Book 8: All Gone by Alex Witchel

All Gone is a memoir of Alex Witchel’s mother’s dementia, something that is unfortunately close at heart for many of us. My great grandmother is unfortunately winding down a bit, and at 90, experiencing some bouts of dementia. Her current condition is part of the reason I picked up this book to start with; call me old fashioned, but I still read memoirs to learn from other people’s’ experiences. I went through an intense bout of memoir obsession right at the tail-end of high school, and the other reason I picked this book up is one of my first loves in the memoir world. Take a look at Molly Wizenberg’s blog Orangette, and consider picking up her first book, A Homemade Life. It’s spectacular, typing amazing recipes into short stories about her family. Wizenberg weaves a beautiful work of creative nonfiction.

A Homemade Life: Stories and Recipes from My Kitchen Table

I buy books anywhere I can find them, book stores, antique malls, thrift shops, even Dollar Tree. My copy of All Gone came from the disorganized heap of books at my local Dollar Tree, as did several others on my shelf. My copy of Wizenberg’s book came from the clearance section at Books-A-Million, so I suppose you could say I have a habit of finding gems in the thriftiest of places. Memoirs are easy to find cheap, especially those written by non celebrities, though I can’t quite understand why.

Witchel jumps right into both the dementia and the recipes, providing one or more at the end of each chapter. After meeting her pre-dementia mother in the introductory chapter, we see her begin to fade as time goes by. Though every chapter isn’t centered around the dementia, and a great deal of the book deals with Witchel’s life and setting up the relationship and her career, we see the stages of dementia progress. It is an ugly thing, stealing the memories and reliability that Witchel so desperately clung to when she and her mother were close.

IMG_5655
I clearly couldn’t keep myself out of the hammock.
This might become a common theme.

One of my favorite things about this book was the simplicity of Witchel’s family recipes. She describes her mother as a working woman without much time for cooking, though she clearly loved her mother’s recipes. Occasionally I find myself picking up a cookbook full of three-hour prep recipes, but Witchel’s are as quick as they are convenient. Some recipes are for small things, easy to prepare and based off of ingredients like frankfurters (hot dogs), others are as intimate as the turkey she roasts for thanksgiving.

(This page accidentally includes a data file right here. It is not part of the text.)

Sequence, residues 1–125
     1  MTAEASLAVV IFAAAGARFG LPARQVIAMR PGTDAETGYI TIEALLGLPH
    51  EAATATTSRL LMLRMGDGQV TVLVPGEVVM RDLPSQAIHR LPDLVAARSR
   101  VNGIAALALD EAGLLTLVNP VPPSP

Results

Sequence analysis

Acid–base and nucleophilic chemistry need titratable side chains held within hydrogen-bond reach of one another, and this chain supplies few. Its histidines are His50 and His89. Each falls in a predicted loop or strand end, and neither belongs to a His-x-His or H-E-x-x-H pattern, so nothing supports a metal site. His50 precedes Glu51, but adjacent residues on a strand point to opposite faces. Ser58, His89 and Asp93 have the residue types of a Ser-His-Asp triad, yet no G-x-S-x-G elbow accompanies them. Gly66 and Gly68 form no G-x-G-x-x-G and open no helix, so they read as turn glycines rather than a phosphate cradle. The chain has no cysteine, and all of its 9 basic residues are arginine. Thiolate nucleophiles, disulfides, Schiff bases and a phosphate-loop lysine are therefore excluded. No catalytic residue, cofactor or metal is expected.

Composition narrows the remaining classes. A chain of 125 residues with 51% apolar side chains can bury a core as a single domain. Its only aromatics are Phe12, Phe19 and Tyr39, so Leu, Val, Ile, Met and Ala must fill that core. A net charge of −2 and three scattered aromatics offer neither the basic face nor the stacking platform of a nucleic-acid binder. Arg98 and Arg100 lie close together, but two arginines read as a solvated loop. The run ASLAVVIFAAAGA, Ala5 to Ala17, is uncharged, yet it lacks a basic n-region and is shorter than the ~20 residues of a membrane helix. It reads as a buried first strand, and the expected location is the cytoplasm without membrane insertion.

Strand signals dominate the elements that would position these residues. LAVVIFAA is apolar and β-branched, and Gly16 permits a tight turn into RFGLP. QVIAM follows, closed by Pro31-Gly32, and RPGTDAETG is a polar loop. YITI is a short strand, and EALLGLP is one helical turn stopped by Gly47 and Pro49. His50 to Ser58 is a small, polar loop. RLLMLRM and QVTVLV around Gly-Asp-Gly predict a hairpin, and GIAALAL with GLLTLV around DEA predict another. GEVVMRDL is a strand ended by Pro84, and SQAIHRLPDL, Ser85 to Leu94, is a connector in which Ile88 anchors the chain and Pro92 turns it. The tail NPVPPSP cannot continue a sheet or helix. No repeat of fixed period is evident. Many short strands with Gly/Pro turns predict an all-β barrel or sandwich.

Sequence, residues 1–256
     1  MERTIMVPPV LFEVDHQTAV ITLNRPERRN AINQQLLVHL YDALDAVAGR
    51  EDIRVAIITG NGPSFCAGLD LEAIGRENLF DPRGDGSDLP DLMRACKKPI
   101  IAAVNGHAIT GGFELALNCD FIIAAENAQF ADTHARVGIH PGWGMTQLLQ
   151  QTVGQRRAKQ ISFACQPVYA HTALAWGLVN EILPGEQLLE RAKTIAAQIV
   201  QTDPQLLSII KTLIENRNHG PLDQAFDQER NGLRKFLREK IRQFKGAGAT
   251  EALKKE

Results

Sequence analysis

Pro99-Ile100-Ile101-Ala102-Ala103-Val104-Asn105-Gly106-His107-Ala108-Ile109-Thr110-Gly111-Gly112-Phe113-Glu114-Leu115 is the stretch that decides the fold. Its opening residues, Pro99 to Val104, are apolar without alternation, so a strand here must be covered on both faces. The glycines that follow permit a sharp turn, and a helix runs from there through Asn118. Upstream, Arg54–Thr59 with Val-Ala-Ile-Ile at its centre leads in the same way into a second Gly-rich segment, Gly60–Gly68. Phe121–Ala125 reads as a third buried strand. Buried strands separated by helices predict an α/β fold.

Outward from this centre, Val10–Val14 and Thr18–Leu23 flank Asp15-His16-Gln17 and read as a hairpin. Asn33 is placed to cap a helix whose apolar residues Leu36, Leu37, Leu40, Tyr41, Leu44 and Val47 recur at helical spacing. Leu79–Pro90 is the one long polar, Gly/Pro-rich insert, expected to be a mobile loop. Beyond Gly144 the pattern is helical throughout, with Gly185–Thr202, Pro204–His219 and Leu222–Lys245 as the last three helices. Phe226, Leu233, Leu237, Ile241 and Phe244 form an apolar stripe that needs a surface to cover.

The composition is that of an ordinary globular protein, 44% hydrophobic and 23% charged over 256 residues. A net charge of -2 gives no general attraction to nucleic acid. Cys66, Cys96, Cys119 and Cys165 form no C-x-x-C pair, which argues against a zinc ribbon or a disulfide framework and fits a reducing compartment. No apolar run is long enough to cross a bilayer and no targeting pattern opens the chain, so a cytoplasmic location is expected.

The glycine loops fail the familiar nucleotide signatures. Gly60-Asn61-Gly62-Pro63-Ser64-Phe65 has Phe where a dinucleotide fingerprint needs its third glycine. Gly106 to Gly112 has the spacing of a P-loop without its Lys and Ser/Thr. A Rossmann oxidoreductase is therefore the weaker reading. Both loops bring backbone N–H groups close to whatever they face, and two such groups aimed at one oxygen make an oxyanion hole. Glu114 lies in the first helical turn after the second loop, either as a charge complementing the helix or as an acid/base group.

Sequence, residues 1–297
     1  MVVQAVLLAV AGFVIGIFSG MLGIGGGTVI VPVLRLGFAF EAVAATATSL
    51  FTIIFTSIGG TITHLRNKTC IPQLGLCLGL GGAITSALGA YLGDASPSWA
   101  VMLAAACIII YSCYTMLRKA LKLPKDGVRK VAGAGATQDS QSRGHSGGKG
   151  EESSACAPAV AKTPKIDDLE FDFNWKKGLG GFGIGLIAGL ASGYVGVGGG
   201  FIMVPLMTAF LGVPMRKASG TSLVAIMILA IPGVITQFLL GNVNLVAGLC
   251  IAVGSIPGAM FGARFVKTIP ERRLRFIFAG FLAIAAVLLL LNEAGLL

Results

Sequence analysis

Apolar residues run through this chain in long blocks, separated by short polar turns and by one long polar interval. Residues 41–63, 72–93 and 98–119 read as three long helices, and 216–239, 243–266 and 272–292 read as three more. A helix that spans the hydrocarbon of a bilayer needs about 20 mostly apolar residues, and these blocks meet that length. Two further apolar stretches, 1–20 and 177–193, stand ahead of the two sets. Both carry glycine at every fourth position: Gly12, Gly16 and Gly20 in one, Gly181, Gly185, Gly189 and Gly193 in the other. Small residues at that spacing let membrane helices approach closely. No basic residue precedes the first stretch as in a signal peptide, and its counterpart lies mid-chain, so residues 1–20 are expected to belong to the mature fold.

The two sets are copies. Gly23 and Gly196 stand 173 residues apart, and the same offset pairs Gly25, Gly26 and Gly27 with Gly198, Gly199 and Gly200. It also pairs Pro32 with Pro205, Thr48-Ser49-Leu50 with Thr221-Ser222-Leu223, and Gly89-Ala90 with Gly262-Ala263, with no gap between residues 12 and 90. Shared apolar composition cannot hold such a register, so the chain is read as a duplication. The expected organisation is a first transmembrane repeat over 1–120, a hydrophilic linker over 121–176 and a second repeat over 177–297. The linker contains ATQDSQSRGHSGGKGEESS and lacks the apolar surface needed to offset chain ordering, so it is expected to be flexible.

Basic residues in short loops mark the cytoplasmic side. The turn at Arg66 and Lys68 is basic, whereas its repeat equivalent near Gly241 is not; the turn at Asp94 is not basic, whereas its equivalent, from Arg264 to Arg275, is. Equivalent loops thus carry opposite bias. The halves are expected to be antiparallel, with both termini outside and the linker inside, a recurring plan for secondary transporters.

Reading Witchel’s book, I found myself thinking about my initial rejection of domesticity as a young feminist. I went through a radical phase that to me meant marriage, domesticity, etc. were all signs of bad feminists. Now, after growing out of my earliest phase, I can bask in the joy of reading domestic memoirs like these. Cooking for your family, using your mother’s recipes, aren’t signs of bad feminism, they’re just ways of appreciating your upbringing. It’s a cultural thing, and despite not feeling exceptionally cultured, I have begun to appreciate the edible part of Southern culture more and more as time passed. I thoroughly enjoyed Witchel’s insight on women bonding over the art of cooking as well.

Witchel’s mother was in some ways domestic, but she was also a working mother and a busy, driven woman bent on personal-growth. She was a good role model for her daughter, and we as readers get the opportunity to glimpse into the 1960-80’s when her lifestyle was just beginning to become the norm. Witchel’s reflections on her family’s heritage and the role of working women during the various time periods was refreshing.

There is some discussion of disability, dealing mostly with her mother’s polio, and we see glimpses of misogyny, as well as a brief mention of support for planned parenthood and birth control advice from Witchel’s mother. Overall, this book had several themes dealing with women’s rights, all occurring during a time in which they were pivotal.

I give this book an 8/10.

All Gone: A Memoir of My Mother’s Dementia. With Refreshments

I’d also love to take a moment to promote my dear friend Shannan’s blog. She’s also taking the 52 books in 52 weeks challenge, per my challenge, and blogging the whole way through. Shannan and I graduated from the same school, same program, and had several classes together after studying abroad together in 2014. She reads a great deal of YA fiction and adventure, though she’ll be reading random books just like I have.

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One thought on “Book 8: All Gone by Alex Witchel

  1. Pingback: Why I Read Memoirs

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